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Extension to File 706 to Preserve Estate Tax Exemptions

Portability has become an important concept in estate planning and administration since it was first codified in 2010, and made permanent under the American Taxpayer Relief Act of 2012.  For individuals passing away after 2010, portability provides that if the spouse who passes away first does not fully use his/her gift and estate tax exclusion (up to $5,490,000 in 2017), the unused portion (the “DSUE”) can be “ported” to the surviving spouse and used for gift and estate tax purposes.  This ported portion is in addition to the surviving spouse’s own gift and estate tax exclusion amount.

In order for the DSUE to be preserved, among other requirements, a federal estate tax return (Form 706) must be filed for the deceased individual in a timely manner and the specific election made.  As the requirements for filing Form 706 have proven to be complicated and time consuming, especially when the combined value of a couple’s assets may not have been considered at justifiable levels or preserving the DSUE was not determined necessary until the surviving spouse passed away, many estates failed or elected not to file the return to preserve the DSUE.

The IRS permanently addressed this problem by issuing Revenue Procedure 2017-34, which extends the period during which a federal estate tax return may be filed to preserve the DSUE.  Under this revenue procedure, an extension is granted until the later of January 2, 2018, or the second anniversary of the decedent’s death to file a complete and properly prepared Form 706 that meets all formal requirements and makes the necessary election.

With this extension, for individuals who passed away after December 31, 2010, their executors have a second opportunity to consider the benefits of filing a federal estate tax return to preserve the unused exemption and investigate whether the criteria of the revenue procedure to file the return can be satisfied.  Depending on the combined value of a married couple’s estate, the tax savings could be significant.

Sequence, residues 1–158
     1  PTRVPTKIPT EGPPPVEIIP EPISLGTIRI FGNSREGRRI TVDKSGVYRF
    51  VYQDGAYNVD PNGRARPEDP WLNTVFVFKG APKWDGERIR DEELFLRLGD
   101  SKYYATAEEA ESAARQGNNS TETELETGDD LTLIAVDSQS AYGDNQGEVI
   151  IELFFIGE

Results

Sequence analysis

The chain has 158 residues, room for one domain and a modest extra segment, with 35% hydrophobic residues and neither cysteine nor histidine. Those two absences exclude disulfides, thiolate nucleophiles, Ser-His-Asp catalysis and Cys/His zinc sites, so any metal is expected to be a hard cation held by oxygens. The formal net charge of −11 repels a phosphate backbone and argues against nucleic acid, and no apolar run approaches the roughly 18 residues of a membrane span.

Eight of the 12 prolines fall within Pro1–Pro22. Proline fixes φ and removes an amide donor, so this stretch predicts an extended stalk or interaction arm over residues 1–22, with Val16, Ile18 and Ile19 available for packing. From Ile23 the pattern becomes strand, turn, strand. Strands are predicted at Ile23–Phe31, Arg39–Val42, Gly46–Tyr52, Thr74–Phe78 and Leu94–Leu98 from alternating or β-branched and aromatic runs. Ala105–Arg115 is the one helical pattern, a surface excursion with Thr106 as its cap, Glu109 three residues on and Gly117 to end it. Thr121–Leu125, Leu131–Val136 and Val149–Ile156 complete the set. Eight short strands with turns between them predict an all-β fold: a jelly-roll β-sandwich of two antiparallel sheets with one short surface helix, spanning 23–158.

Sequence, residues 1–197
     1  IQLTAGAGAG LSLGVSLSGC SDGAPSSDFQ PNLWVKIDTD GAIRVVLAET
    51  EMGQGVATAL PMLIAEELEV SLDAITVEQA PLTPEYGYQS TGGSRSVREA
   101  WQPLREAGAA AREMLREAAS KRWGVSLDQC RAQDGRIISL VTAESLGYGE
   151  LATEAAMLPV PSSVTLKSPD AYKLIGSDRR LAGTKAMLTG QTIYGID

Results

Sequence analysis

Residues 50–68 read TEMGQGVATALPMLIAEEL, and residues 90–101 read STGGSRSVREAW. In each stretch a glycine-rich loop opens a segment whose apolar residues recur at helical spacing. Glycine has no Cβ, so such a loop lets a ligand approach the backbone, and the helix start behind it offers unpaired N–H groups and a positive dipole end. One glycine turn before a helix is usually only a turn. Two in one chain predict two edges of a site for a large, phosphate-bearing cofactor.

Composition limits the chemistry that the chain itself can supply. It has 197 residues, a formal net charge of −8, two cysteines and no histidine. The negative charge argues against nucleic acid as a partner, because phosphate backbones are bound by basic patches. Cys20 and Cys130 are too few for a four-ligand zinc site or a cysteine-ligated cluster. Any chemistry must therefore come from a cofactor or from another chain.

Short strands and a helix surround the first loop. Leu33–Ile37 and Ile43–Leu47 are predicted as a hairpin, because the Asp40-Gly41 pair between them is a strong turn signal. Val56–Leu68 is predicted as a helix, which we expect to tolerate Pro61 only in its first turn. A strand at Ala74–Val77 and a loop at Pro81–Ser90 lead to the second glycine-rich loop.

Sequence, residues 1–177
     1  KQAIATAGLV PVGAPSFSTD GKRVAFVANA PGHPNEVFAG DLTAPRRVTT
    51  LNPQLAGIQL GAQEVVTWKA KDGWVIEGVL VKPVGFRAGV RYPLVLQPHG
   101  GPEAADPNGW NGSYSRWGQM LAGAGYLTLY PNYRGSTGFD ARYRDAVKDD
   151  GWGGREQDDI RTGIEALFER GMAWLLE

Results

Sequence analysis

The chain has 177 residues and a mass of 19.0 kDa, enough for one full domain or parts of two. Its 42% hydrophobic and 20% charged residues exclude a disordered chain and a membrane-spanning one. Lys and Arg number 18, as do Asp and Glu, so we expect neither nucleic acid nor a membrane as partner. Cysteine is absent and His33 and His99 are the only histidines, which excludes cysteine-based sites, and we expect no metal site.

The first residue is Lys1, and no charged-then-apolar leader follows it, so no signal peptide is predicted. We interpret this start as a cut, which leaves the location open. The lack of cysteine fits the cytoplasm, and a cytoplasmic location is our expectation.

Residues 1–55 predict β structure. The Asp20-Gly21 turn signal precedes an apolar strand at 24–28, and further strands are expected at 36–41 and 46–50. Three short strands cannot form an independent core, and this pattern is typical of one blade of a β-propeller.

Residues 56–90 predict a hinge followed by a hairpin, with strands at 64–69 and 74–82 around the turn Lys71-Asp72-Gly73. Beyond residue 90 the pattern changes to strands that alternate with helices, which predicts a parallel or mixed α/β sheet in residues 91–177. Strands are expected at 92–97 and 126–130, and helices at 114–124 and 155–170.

For additional information on this or any related type of matter, please contact attorney Shannon Frank at sfrank@KDDK.com or (812) 423-3183, or contact any member of the KDDK Estate Planning Team.

About the Author

Shannon S. Frank, Indiana Attorney

Shannon S. Frank

Shannon S. Frank, a Partner at Kahn, Dees, Donovan & Kahn, LLP (KDDK), in Evansville, Indiana, has more than 25 years’ experience in the practice of business law, construction law, estate planning and probate administration, health care law, and real estate law. Shannon takes prides in giving exceptional service to her clients, recognizing that relationships with clients play a significant and essential role in providing tailored and comprehensive legal advice.

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